Gluster blog stories provide high-level spotlights on our users all over the world
Amidst the madness of the OpenStack Summit a couple of weeks ago, you could be forgiven for not seeing a Red Hat announcement about GlusterFS being “OpenStack-ready”. You may wonder, what exactly do we mean by “OpenStack-ready”?
The first thing to understand is that storage in OpenStack is multifaceted. It could mean applications storing objects over HTTP in Swift, OpenStack’s object storage implementation. It could mean the management of VM images with glance, which stores VMs and tracks their metadata in a catalog. Or it could mean the Cinder interface for Nova, which gives OpenStack operators an interface to block storage devices, real or virtual.
When we say that GlusterFS is “OpenStack-ready” we mean that GlusterFS can be used for four use cases, today:
– The Gluster-Swift implementation: enables GlusterFS to act as the storage back-end to the Swift API and proxy server.
– Glance image catalog: Glance can store images on GlusterFS when setting the storage backend to “file.”
– Gluster-Cinder integration: Beginning with OpenStack Grizzly, the Cinder interface now supports GlusterFS directly, meaning that OpenStack operators can more easily deploy and access VMs on mounted GlusterFS volumes.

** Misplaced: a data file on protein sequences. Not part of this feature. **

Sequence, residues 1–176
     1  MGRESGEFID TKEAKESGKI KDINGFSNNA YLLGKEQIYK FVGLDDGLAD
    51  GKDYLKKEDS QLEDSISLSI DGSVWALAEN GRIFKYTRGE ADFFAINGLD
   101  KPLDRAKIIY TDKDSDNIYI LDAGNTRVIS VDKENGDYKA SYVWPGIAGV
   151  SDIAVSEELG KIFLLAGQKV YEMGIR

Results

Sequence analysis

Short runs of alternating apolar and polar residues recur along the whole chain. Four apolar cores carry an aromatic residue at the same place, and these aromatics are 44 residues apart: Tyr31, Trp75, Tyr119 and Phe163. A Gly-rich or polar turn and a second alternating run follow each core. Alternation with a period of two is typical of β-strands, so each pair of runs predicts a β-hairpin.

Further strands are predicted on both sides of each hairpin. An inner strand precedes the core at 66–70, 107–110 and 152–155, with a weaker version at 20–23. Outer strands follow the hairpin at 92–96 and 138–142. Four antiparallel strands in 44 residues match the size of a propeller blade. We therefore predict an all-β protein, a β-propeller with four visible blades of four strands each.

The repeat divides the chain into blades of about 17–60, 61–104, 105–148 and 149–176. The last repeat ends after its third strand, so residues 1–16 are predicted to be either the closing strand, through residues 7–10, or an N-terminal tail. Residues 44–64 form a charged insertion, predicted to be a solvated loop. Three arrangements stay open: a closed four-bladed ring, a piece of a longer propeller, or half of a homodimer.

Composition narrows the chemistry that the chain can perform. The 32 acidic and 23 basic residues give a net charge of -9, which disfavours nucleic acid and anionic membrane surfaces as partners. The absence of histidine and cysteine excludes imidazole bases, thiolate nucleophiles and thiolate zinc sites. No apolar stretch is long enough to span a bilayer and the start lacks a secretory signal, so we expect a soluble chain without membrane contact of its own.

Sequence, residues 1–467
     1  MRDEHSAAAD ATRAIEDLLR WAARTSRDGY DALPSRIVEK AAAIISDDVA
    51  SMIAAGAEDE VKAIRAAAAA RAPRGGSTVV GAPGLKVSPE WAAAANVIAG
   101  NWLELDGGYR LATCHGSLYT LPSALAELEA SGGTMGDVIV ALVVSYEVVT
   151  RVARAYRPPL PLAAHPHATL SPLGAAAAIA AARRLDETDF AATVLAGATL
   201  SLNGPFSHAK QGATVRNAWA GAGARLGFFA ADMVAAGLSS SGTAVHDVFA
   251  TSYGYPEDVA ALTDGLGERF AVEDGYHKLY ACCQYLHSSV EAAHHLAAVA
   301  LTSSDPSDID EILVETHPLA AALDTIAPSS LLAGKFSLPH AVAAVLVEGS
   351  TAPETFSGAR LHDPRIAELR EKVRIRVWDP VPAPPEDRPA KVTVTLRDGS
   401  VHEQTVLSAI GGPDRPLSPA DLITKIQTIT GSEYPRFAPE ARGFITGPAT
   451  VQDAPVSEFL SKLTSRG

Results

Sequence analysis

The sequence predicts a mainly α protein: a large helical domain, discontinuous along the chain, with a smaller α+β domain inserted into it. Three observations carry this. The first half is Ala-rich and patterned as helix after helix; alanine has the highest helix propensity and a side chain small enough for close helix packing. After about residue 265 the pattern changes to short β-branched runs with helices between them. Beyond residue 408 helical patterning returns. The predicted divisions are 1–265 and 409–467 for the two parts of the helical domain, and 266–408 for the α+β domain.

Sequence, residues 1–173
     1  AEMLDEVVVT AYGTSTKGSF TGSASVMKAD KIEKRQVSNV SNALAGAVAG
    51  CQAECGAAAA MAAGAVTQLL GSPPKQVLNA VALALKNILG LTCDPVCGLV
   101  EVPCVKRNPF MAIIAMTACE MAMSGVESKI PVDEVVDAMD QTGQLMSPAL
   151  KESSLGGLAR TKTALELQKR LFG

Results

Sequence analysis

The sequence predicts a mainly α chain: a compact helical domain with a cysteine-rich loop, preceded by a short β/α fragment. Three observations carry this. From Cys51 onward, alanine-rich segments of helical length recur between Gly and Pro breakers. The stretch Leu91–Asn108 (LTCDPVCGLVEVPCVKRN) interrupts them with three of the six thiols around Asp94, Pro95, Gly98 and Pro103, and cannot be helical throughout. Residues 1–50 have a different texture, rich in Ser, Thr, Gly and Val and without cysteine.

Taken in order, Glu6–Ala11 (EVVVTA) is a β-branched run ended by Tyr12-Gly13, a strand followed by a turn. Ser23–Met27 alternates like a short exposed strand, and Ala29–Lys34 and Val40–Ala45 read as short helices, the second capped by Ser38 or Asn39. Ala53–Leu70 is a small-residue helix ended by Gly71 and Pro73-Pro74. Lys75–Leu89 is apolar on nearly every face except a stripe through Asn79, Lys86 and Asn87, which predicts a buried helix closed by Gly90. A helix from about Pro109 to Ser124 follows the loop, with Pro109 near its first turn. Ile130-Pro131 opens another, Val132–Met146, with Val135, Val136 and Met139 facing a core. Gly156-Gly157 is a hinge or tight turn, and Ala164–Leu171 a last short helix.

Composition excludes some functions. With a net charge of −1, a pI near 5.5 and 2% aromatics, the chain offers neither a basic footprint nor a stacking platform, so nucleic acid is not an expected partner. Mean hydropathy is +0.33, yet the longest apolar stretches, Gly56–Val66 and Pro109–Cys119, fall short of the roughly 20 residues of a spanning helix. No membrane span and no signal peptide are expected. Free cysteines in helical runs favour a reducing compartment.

– Instance storage: running VM images on a shared volume to facilitate live migration
The maturity and scalability of each of these differs. The Swift implementation is, relatively speaking, the most mature and has been deployed successfully at some sites in production. Using GlusterFS to back the image storage for Glance is also mature as it requires no code changes to Glance. The Cinder interface is quite new. Anyone who expresses an interest in using GlusterFS with Cinder should be forewarned that this code is still in its infancy – begun in February and completed in March. Instance storage is something that, while possible and should work, may not scale well or perform up to the expectations of some operators until future releases.
For now, Swift and Glance support are mature enough that they are readily integrated into many OpenStack environments, including those based on Folsom. Block storage via the Cinder interface is something that is possible only for Grizzly-based OpenStack deployments. Many of these features will be improved, performance and feature-wise, when GlusterFS 3.4 is released with the QEMU + libgfapi integration. Right now, the release date looks to be in early June, with beta 1 due to drop today (May 7).
So when we say GlusterFS is ready for OpenStack, we mean it comprehensively, and it will only get better with the added QEMU integration.
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